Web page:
CDC and ADA Now Advise to Avoid Using Fluoride

It was 2007 when the American Dental Association (ADA) first warned that parents of infants younger than a year old “should consider using water that has no or low levels of fluoride” when mixing baby formula, due to concerns about fluorosis.

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Now the Journal of the American Dental Association has published a study that found increased fluorosis risk among infants who were fed infant formula reconstituted with fluoride-containing water, as well as used fluoridated toothpastes.

A new study in the Journal of the American Dental Association finds once again that, contrary to what most people have been told, fluoride is actually bad for teeth.

Exposure to high levels of fluoride results in a condition known as fluorosis, in which tooth enamel becomes discolored. The condition can eventually lead to badly damaged teeth. The new study found that fluoride intake during a child’s first few years of life is significantly associated with fluorosis, and warned against using fluoridated water in infant formula.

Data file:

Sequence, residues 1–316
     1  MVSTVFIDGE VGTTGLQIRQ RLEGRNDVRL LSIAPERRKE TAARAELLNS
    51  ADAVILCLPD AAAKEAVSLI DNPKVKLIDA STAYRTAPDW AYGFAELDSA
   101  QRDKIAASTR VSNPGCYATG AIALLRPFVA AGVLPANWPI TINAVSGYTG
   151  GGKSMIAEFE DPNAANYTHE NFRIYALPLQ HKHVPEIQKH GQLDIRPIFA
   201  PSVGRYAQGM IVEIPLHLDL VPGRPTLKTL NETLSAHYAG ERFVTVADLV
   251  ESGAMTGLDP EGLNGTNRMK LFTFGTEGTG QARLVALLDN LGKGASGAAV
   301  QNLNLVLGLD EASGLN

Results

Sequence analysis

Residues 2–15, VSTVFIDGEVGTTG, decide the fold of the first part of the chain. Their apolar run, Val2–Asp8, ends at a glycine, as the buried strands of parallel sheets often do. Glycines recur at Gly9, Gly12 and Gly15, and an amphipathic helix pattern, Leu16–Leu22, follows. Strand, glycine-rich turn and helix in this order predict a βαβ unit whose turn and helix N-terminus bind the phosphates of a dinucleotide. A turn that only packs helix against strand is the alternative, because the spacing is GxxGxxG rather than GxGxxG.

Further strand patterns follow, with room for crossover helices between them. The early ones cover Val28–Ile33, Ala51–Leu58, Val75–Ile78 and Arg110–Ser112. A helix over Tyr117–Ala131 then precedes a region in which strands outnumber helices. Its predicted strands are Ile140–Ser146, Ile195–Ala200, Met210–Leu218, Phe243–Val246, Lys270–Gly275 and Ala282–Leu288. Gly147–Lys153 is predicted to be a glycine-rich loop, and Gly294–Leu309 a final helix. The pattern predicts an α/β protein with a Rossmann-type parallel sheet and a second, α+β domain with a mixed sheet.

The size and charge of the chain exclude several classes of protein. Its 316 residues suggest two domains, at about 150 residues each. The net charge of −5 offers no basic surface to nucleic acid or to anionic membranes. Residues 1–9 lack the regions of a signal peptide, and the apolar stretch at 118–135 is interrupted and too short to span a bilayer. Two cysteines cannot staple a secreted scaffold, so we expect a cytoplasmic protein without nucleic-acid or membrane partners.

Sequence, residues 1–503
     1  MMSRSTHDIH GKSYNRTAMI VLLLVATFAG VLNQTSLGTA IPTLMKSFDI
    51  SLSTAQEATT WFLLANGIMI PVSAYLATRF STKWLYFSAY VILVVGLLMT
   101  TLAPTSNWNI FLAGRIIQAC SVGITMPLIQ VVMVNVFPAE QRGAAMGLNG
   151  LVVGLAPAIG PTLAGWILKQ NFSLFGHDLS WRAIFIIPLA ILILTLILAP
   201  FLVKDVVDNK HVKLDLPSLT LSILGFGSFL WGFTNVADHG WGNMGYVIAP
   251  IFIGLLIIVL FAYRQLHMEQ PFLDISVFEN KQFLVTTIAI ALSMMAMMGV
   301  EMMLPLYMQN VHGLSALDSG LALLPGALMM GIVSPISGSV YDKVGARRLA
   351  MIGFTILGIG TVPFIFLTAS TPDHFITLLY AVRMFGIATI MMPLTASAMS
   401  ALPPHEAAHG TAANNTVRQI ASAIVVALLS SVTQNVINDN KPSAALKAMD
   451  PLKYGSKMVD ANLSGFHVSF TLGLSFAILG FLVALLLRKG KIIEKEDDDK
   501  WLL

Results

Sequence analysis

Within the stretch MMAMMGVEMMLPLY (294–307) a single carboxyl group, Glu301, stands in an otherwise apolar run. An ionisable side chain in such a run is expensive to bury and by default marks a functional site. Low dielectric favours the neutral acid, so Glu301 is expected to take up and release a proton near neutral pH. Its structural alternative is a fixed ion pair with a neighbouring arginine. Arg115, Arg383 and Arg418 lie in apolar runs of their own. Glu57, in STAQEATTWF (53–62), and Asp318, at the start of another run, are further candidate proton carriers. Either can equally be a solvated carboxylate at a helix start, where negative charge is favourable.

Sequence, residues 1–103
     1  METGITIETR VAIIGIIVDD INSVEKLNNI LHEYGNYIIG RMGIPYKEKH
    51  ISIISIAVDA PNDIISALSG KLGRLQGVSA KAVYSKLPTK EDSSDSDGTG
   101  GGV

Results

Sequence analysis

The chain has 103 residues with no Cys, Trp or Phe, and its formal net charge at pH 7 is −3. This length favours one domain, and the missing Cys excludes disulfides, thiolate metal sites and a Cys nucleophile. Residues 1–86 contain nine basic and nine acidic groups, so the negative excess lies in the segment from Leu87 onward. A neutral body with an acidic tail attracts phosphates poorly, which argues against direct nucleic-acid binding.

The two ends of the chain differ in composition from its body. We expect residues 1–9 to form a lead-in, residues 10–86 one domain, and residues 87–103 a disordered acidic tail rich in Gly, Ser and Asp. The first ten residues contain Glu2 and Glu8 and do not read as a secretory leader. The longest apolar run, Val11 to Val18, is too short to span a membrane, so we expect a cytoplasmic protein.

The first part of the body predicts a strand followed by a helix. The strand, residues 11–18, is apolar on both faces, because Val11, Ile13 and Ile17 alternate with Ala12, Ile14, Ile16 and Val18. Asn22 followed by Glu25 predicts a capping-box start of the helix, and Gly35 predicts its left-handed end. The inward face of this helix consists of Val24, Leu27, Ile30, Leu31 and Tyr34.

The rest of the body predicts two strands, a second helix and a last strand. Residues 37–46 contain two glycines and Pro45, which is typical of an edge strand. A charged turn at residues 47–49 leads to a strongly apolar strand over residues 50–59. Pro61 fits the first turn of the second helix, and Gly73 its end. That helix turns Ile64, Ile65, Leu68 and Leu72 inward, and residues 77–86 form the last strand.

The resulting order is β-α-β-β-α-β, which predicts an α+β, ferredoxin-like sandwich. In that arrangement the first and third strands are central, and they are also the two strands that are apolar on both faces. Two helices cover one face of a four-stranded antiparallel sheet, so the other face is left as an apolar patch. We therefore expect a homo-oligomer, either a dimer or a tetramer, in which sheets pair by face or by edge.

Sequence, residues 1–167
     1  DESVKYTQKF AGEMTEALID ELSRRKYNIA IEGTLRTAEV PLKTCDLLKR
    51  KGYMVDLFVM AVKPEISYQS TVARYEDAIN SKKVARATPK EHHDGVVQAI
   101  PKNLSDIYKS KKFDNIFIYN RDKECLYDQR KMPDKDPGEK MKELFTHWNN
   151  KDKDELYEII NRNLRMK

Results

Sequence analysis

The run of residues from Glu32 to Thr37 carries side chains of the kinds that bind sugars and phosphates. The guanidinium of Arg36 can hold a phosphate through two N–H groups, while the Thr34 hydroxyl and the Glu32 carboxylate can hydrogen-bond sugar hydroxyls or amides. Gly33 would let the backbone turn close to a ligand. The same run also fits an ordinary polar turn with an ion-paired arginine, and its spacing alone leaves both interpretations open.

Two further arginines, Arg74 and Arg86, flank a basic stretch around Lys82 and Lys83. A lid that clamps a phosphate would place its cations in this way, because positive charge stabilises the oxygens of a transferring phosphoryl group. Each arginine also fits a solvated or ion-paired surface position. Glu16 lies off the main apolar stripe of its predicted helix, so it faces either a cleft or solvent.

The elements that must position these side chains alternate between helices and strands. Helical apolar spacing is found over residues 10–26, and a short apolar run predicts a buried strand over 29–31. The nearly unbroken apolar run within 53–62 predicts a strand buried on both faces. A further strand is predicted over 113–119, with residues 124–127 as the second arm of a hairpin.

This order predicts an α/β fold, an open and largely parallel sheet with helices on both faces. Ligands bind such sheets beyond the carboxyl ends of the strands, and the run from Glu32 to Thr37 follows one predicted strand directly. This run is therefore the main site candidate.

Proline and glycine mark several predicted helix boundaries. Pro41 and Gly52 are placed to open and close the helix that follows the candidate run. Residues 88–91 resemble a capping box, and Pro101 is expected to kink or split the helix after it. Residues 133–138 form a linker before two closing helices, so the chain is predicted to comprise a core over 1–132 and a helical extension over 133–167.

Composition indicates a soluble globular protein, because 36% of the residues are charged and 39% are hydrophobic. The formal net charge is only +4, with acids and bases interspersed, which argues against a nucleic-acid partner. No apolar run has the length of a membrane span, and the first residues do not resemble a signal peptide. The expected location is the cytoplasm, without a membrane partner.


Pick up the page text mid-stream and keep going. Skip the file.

The Centers for Disease Control and Prevention (CDC) is of a similar opinion. According to their website:

“Recent evidence suggests that mixing powdered or liquid infant formula concentrate with fluoridated water on a regular basis may increase the chance of a child developing … enamel fluorosis.”

Resources:
Journal of the American Dental Association October 14, 2010; 141(10):1190-1201

CDC May 28, 2010

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